Quantitative, multimodal cell and fiber mapping in full primate brain sections

Poster No:


Submission Type:

Abstract Submission 


Roxana Kooijmans1,2, Markus Axer2, Eric Upschulte2, Timo Dickscheid2, Martin Schober2, David Gräßel2, Philipp Schlömer2, Karl Zilles2, Pieter Roelfsema1, Katrin Amunts2


1Netherlands Institute for Neuroscience, Amsterdam, Noord Holland, 2Institute for Neuroscience and Medicine (INM-1), FZ-Jülich, Jülich, Nordrhein-Westfalen

First Author:

Roxana Kooijmans, PhD  
Netherlands Institute for Neuroscience|Institute for Neuroscience and Medicine (INM-1), FZ-Jülich
Amsterdam, Noord Holland|Jülich, Nordrhein-Westfalen


Markus Axer  
Institute for Neuroscience and Medicine (INM-1), FZ-Jülich
Jülich, Nordrhein-Westfalen
Eric Upschulte  
Institute for Neuroscience and Medicine (INM-1), FZ-Jülich
Jülich, Nordrhein-Westfalen
Timo Dickscheid  
Institute for Neuroscience and Medicine (INM-1), FZ-Jülich
Jülich, Nordrhein-Westfalen
Martin Schober  
Institute for Neuroscience and Medicine (INM-1), FZ-Jülich
Jülich, Nordrhein-Westfalen
David Gräßel  
Institute for Neuroscience and Medicine (INM-1), FZ-Jülich
Jülich, Nordrhein-Westfalen
Philipp Schlömer  
Institute for Neuroscience and Medicine (INM-1), FZ-Jülich
Jülich, Nordrhein-Westfalen
Karl Zilles  
Institute for Neuroscience and Medicine (INM-1), FZ-Jülich
Jülich, Nordrhein-Westfalen
Pieter Roelfsema, PhD  
Netherlands Institute for Neuroscience
Amsterdam, Noord Holland
Katrin Amunts  
Institute for Neuroscience and Medicine (INM-1), FZ-Jülich
Jülich, Nordrhein-Westfalen


Detailed multi-modal architecture information is the basis for understanding function, dysfunction, and potential treatment of the brain. Mouse models have led the establishment of new molecular markers and have engendered a rise in understanding cell-specific function. Information based on such markers in the human brain is highly fragmented, and major parts are missing. While cell types often exhibit homology across species, the size and organizational complexity of the human brain make direct inference of function from mouse data problematic. There are multiple efforts to generate complete and consistent maps for various species, but none addresses (quantitative) protein expression in combination with direct imaging of fiber distribution patterns.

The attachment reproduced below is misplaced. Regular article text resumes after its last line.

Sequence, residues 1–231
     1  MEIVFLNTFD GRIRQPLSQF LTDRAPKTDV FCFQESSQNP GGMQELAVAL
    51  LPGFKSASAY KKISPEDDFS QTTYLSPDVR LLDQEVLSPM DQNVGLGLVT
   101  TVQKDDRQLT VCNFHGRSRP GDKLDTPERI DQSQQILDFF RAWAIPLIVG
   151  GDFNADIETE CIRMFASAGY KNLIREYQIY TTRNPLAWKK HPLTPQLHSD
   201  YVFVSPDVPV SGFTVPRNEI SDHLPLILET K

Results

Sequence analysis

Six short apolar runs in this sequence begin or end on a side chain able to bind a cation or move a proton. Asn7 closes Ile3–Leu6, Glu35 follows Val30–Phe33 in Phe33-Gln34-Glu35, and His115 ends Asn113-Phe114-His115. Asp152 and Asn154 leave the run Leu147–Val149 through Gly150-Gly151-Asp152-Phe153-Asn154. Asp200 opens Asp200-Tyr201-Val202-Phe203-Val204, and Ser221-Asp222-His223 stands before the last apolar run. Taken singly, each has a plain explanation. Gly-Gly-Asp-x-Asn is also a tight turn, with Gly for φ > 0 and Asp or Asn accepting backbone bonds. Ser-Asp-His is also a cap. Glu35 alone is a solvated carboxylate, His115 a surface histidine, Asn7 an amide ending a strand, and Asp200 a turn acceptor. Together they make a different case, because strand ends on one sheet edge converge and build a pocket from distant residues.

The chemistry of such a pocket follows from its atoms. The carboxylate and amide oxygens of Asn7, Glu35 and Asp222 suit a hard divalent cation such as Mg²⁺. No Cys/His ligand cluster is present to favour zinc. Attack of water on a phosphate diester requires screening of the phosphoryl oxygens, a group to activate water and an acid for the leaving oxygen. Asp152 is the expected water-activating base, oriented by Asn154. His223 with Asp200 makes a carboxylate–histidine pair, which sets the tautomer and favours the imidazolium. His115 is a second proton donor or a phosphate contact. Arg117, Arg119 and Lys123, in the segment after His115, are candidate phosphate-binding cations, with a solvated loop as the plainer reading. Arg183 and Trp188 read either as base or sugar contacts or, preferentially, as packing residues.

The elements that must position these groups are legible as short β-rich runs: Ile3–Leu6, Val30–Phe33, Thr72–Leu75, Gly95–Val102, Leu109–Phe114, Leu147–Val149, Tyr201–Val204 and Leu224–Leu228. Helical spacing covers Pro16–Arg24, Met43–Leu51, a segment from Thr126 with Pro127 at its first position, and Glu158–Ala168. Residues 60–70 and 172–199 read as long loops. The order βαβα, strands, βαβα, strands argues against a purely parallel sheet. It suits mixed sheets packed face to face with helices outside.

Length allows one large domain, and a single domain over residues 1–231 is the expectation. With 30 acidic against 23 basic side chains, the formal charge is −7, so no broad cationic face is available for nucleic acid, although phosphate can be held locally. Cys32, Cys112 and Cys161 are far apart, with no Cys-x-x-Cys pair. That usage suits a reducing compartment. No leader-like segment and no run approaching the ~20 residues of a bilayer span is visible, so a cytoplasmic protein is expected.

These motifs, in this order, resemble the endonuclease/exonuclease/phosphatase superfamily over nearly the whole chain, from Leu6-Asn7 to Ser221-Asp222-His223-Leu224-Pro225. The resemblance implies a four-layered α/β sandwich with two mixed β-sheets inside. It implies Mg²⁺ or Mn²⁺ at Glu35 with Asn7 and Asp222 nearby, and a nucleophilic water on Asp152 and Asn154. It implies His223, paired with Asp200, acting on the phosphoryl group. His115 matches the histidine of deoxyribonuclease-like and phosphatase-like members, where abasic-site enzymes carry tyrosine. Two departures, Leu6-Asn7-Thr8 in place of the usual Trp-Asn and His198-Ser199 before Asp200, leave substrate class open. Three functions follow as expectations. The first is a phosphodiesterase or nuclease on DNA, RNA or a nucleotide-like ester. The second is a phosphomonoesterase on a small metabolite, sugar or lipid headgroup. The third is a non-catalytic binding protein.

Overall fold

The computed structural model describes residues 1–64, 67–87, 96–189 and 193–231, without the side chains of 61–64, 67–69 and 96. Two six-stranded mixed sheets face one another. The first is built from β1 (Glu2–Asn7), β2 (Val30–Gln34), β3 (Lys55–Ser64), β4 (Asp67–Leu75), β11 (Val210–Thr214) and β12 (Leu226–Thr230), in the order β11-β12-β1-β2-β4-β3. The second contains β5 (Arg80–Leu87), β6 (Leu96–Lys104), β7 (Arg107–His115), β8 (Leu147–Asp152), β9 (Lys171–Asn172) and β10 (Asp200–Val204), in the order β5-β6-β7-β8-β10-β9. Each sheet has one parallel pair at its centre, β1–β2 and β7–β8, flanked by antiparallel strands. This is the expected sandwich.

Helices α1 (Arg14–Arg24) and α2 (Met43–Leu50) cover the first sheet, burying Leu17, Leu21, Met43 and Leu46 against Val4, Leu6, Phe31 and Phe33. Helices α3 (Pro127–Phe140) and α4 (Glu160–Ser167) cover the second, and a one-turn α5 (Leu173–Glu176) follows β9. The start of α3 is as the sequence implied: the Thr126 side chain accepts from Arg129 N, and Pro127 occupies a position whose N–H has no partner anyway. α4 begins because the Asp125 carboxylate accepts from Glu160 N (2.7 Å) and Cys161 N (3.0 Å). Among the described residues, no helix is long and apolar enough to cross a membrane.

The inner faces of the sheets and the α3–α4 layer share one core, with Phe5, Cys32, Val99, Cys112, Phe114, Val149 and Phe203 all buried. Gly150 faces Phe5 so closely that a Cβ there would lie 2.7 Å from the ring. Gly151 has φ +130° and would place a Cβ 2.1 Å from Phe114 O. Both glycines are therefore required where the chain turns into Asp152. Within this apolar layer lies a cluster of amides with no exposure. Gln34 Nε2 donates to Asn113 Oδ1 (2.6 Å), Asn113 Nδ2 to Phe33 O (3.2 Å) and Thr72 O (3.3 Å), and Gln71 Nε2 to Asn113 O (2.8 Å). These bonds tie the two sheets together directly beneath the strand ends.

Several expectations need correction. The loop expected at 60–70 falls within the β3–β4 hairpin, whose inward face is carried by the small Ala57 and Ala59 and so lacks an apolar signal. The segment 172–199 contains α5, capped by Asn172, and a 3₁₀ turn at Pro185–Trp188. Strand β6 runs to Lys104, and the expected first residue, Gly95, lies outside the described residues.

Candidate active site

We aim to bridge this gap by using our newly developed method to integrate multi-channel, cell-type specific immunohistochemistry with polarized light imaging (3D-PLI), to map protein expression, as well as fiber architecture in 3D-space, in the same, full, primate brain sections.


We imaged fiber tracts in 60µm-thick, unstained, primate brain sections at 1.3 µm pixel size in-plane, using polarization microscopy [1]. Based on these measurements, regional fiber orientation maps were determined by means of big data analysis utilizing high-performance computing (JURECA supercomputer, JSC, Forschungszentrum Jülich). Subsequently, we unmounted the tissue, and use immunohistochemistry to specifically label cells expressing calcium binding proteins parvalbumin, calbindin and calretinin, in the same section [2]. We remounted the sections, and acquired 1µm resolution, full color images with fast brightfield scanning. Subsequently, we segmented the stained cell bodies using machine learning, and separated the different populations based on color, to describe cellular distributions with high accuracy. The two data sets were co-aligned section-wise, using non-linear registration to render multi-modal cell and fiber analysis possible.